Les bactéries du nez peuvent se faufiler dans le cerveau et augmenter le risque de maladie d’Alzheimer.

Anatomie des sinus

De nouvelles recherches menées par l’Université Griffith ont montré qu’une bactérie couramment présente dans le nez peut se faufiler dans le cerveau et déclencher une cascade d’événements pouvant conduire à Alzheimer’s disease.

Associate Professor Jenny Ekberg and colleagues from the Clem Jones Centre for Neurobiology and Stem Cell Research at Menzies Health Institute Queensland and Griffith Institute for Drug Discovery, in collaboration with Queensland University of Technology, have discovered that the bacterium Chlamydia pneumoniae can invade the brain via the nerves of the nasal cavity.

Chlamydia pneumoniae

The bacterium Chlamydia pneumoniae (green) in the olfactory bulb region of the front of the brain. Beta amyloid peptide (red) accumulates around the bacteria. Blue indicates nuclei of cells of the brain. Credit: Griffith University

While this bacterium often causes respiratory tract infections, it has also been found in the brain which has raised the question of whether it causes damage to the central nervous system.

The research team has performed extensive research in animal models to show not only how the bacteria gets into the brain, but also how it leads to Alzheimer’s disease pathologies.

“Our work has previously shown that several different species of bacteria can rapidly, within 24 hours, enter the central nervous system via peripheral nerves extending between the nasal cavity and the brain,” Associate Professor Ekberg said.

“With this background knowledge we were able to track how this new bacterium, Chlamydia pneumoniae can also sneak past the blood-brain barrier and quickly enter the brain.”

The new study shows that once the bacteria are in the central nervous system, the cells of the brain react within days by depositing beta amyloid peptide, the hallmark plaque of Alzheimer’s disease.

After several weeks, numerous gene pathways that are known to be involved in Alzheimer’s disease are also dramatically activated.

Jenny Ekberg

Associate Professor Jenny Ekberg, Clem Jones Centre for Neurobiology and Stem Cell Research.

The research also showed that when the bacteria invade the olfactory nerve, peripheral nerve cells (glial cells), become infected and these cells may be how the bacteria can persist within the nervous system.

“These cells are usually important defenders against bacteria, but in this case, they become infected and can help the bacteria to spread,’’ Associate Professor Ekberg said.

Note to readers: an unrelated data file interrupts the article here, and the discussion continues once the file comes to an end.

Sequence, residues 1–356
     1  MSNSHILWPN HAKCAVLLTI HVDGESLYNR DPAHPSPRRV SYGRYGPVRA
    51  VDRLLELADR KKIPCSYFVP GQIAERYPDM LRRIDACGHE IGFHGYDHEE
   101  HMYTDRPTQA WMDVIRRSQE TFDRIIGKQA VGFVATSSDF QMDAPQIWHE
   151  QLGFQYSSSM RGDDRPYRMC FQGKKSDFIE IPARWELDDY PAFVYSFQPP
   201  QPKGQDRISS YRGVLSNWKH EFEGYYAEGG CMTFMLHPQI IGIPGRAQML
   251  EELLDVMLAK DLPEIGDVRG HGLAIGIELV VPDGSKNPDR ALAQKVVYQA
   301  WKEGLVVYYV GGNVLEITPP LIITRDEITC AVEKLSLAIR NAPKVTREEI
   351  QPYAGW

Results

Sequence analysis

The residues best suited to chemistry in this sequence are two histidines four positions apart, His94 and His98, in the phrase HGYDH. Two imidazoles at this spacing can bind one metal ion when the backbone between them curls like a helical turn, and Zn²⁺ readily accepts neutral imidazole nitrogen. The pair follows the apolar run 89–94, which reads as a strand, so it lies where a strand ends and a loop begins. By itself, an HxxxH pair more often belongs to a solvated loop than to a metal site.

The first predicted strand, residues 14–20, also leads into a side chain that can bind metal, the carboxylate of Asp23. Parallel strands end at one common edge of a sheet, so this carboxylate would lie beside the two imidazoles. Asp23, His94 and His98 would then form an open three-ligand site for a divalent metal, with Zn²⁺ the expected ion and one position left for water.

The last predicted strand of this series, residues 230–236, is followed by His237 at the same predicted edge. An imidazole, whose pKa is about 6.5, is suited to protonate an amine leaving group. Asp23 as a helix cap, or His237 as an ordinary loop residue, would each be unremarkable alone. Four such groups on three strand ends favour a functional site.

“We have suspected for a long time that bacteria, and even viruses, can lead to neuroinflammation and contribute to initiation of Alzheimer’s disease, however, the bacteria alone may not be enough to cause disease in someone. Perhaps it requires the combination of a genetic susceptibility plus the bacteria to lead to Alzheimer’s disease in the long term.

“Now that we have this new evidence, it gives us the drive to urgently find treatments to stop this contributing factor to Alzheimer’s disease.

While the studies were conducted in mice, humans have the same nerves and can be infected by the same bacteria, so the researchers believe the results are translatable to humans.

“We are already working on treatment options. With the Griffith Institute for Drug Discovery, we are identifying potential drugs that can help the glial cells to destroy the bacteria which are already in the brain.

“In addition, Professor Ken Beagley at QUT is working on a vaccine against Chlamydia which may reduce the ability of the pathogen to enter the brain”.

Reference: “Chlamydia pneumoniae can infect the central nervous system via the olfactory and trigeminal nerves and contributes to Alzheimer’s disease risk” by Anu Chacko, Ali Delbaz, Heidi Walkden, Souptik Basu, Charles W. Armitage, Tanja Eindorf, Logan K. Trim, Edith Miller, Nicholas P. West, James A. St John, Kenneth W. Beagley and Jenny A. K. Ekberg, 17 February 2022, Scientific Reports.
DOI: 10.1038/s41598-022-06749-9

The study, published in the journal, Scientific Reports, was funded by the Clem Jones Foundation, the Goda Foundation, the Australian Research Council and the Menzies Health Institute Queensland.

Leave a Comment